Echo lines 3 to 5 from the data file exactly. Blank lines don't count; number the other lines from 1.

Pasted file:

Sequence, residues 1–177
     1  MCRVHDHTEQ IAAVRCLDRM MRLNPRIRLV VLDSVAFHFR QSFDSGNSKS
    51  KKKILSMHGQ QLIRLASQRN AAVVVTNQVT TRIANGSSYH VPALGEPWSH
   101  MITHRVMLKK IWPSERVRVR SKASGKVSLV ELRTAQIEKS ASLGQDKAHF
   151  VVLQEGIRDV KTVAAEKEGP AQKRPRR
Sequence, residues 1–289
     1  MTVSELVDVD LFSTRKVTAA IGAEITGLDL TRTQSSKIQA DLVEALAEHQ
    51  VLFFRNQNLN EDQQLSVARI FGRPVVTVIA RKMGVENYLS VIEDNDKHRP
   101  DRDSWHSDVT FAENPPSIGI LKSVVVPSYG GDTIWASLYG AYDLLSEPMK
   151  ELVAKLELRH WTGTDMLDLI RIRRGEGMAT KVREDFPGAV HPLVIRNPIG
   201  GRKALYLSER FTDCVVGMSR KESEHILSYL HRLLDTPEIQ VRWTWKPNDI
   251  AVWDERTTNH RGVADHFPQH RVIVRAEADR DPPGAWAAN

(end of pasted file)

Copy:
    51  KKKILSMHGQ QLIRLASQRN AAVVVTNQVT TRIANGSSYH VPALGEPWSH
   101  MITHRVMLKK IWPSERVRVR SKASGKVSLV ELRTAQIEKS ASLGQDKAHF
   151  VVLQEGIRDV KTVAAEKEGP AQKRPRR